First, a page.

Plan Sponsor recently published an article focusing on four areas to revaluating TDFs. In the following excerpt from the article I discussed the importance of reviewing a fund’s investment strategy.

That sort of analysis is especially important because some target-date funds have made significant changes in recent years. Look for issues such as alterations to the glide path, a move from active management to enhanced index or indexing strategies, or switches in the underlying funds, suggests Jeff Marzinsky, a principal at consultant Milliman Inc. in Albany, New York. He has seen sponsors actually replace their target-date funds, mainly in cases of investment underperformance or changes in the funds’ underlying philosophy.

I also provided perspective regarding an increased interest in custom target date funds, which offer sponsors control over investment options and asset allocation changes.

…It may be less about many having an employee base different enough to warrant a custom glide path than sponsors seeing it as “a better way to pick the investments,” because sponsors have more control than with off-the-shelf funds.

In a prior article, “Considerations in choosing a target date fund,” I explored some key aspects of TDFs and issues plan sponsors should bear in mind when selecting and the ongoing monitoring of a TDF series.

Auto enrollment errors are expensive

May 15th, 2014 No comments

Auto enrollment is becoming more popular with employers that sponsor defined contribution (DC) plans. This feature can help increase plan participation, enhance retirement outcomes among participants, and improve discrimination testing results. On the other hand, administrative oversights can prove costly.

In this article, Milliman’s Kari Jakobe identifies two common errors administrators commit related to auto enrollment. She also provides two examples showing the monetary effects that result from these mistakes.

Here is an excerpt from the article:

The two most common failures for auto enrollment plans are: 1) failure to notify employees of the plan provision, and 2) failure to enact the auto enrollment and withhold deferrals on a timely basis, or at all. These failures nearly always result from bad data—incorrect date of hire on a payroll file, for example, a miscoded rehire, or a keying error when entering deferral changes into a payroll system. The possibilities are numerous and the corrections can be costly.

In general, the Internal Revenue Service (IRS) has prescribed corrective action for missed deferrals with less than nine months remaining in the year, requiring the plan sponsor to deposit:

• 50% of missed deferrals
• 100% of missed match
• Earnings at a reasonable interest rate

Consider the scenario shown in Figure 1 of missed deferrals that are due to failure to start the withholding on a timely basis, for a client with a 4% auto enrollment rate and a match formula of 100% up to a maximum of 6% deferred.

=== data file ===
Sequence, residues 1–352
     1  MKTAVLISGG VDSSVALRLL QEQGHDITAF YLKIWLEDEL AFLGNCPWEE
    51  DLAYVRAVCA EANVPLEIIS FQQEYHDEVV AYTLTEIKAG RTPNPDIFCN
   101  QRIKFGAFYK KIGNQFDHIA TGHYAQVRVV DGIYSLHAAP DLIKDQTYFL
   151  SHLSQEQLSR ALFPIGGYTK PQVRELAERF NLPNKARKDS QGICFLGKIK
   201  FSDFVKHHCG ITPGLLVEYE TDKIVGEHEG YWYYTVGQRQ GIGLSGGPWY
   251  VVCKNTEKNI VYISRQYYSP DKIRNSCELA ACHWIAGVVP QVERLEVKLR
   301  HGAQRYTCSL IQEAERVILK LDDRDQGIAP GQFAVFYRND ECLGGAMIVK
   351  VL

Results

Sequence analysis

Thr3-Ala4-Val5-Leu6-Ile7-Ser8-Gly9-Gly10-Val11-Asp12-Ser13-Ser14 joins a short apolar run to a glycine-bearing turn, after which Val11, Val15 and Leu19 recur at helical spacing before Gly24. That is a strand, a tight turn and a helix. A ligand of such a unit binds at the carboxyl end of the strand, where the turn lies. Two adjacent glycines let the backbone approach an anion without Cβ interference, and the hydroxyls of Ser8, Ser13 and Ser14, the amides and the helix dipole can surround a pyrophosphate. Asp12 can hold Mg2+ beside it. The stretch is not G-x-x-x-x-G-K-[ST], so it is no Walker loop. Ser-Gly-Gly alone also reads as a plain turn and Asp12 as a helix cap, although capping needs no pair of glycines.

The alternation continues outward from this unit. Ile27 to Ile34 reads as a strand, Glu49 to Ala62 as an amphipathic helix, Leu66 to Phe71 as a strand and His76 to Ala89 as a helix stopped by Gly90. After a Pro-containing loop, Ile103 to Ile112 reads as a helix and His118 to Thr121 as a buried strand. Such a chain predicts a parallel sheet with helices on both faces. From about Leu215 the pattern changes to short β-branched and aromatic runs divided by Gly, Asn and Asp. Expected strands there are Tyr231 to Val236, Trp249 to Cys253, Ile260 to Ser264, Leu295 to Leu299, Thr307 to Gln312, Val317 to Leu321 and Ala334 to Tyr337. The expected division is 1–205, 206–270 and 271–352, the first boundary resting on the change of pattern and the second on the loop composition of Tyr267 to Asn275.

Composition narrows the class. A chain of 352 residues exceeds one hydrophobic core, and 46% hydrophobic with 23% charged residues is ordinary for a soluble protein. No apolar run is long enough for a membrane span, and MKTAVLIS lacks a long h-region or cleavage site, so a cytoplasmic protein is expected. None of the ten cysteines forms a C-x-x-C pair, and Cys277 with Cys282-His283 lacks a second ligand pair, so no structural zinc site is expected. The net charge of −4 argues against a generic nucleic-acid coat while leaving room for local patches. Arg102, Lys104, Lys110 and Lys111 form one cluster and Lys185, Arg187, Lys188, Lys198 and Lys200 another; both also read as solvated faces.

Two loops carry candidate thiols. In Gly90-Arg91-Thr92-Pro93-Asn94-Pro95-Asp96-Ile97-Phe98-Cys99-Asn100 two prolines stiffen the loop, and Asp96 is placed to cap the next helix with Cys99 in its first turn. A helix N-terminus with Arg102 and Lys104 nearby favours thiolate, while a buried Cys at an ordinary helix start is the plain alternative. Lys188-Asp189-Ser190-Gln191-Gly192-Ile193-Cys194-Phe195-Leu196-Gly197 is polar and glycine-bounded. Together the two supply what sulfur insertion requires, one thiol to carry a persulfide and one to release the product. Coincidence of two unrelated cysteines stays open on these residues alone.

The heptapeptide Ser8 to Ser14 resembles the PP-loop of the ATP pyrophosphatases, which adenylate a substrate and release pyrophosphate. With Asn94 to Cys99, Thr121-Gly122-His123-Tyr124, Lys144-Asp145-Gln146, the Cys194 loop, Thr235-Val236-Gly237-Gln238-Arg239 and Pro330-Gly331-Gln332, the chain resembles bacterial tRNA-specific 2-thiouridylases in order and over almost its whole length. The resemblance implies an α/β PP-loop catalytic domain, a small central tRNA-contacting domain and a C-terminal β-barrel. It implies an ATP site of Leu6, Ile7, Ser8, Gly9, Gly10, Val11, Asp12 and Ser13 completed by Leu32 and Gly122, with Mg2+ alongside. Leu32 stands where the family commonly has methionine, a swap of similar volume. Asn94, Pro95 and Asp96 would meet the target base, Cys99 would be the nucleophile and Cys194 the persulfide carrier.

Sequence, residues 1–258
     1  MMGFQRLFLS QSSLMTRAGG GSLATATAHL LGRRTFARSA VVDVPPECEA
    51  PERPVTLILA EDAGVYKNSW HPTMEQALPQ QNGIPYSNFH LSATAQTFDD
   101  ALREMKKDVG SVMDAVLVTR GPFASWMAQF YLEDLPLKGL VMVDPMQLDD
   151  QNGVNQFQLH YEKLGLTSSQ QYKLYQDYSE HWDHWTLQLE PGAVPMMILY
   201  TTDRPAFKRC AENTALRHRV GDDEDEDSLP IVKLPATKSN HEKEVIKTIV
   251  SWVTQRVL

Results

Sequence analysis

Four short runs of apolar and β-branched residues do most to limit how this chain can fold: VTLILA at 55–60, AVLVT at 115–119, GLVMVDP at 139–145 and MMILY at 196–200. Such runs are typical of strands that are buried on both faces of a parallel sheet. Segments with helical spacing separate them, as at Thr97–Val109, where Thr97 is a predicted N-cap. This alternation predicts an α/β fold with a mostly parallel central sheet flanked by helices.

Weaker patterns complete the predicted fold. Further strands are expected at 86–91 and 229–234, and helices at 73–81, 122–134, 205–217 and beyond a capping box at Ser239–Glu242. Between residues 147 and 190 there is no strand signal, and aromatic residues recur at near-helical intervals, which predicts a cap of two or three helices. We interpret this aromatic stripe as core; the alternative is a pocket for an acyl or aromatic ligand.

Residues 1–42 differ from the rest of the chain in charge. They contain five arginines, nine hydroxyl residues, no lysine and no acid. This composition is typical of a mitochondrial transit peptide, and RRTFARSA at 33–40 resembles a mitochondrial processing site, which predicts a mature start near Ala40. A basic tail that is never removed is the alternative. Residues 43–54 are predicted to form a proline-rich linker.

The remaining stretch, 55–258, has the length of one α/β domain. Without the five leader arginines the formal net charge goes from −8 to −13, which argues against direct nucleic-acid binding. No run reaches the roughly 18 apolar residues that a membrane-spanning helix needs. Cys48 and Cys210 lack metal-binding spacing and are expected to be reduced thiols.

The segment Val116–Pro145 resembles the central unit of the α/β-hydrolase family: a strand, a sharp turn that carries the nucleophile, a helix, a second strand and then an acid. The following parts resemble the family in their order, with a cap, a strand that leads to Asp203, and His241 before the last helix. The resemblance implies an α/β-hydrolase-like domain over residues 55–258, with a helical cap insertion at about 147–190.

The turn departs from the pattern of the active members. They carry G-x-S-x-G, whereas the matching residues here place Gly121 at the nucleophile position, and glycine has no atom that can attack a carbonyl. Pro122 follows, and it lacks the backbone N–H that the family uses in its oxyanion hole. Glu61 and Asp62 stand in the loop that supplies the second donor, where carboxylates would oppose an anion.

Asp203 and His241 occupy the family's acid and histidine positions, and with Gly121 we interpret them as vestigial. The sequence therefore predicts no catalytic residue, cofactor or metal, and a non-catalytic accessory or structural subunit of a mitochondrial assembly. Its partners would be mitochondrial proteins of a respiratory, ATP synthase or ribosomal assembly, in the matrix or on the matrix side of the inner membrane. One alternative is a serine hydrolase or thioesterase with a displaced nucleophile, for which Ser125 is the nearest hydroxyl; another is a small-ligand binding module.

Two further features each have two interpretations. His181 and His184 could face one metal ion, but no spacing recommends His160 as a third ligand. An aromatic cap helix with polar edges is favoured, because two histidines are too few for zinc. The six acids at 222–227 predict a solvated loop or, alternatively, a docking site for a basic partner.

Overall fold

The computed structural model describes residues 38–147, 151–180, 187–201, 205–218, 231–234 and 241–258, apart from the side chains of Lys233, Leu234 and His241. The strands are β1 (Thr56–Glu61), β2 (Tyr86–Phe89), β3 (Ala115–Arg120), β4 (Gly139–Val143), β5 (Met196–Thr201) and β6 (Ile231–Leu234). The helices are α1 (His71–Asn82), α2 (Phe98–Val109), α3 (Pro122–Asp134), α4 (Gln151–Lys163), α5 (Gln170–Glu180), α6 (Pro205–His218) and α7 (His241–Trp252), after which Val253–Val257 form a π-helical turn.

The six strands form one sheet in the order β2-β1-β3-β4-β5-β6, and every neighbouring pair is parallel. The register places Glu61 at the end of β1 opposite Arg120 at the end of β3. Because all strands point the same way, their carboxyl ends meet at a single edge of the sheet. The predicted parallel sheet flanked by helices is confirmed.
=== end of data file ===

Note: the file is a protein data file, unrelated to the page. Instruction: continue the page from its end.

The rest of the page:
Auto enrollment_figure 1

The full correction of $8,937.00 is funded by the employer (not the employee) in the form of a qualified non-elective contribution (QNEC). That means the money is 100% vested immediately and does not count against the 402(g) limit for the participant. Most plan sponsors will choose to communicate the specifics about these corrections via correspondence letters to the affected participants and should be prepared to field an array of resulting questions.

Retirement plans and fees: Get some satisfaction

March 19th, 2014 No comments

Guanella-Jay-EThe balance between value and expense is often a large part of our daily considerations. As a consumer, when we look at the cost of a jar of peanut butter, we consider the quality of the product and the opportunity for satisfaction. The same rationale is true with retirement plans, though satisfaction as it relates to value in a retirement plan product is more difficult to define. At a base level, it could be as simple as answering the question, “Are the participants in the plan satisfied with their projected retirements?” At termination of employment, why does a participant feel the need to move their assets out of the retirement plan that they had previously relied on for several years?

With the new fee disclosure requirements, most plan sponsors are well aware of the costs involved to maintain their plans, including administration and trust/custody fees. These expenses are clearly defined in communications to the plan sponsor and participants. Also included is a listing of fund returns along with operating expense ratios (OERs) for the investments. The OER is the expense charged by the investment to the participant and can vary significantly, not only from fund family to fund family but by similar investments as well.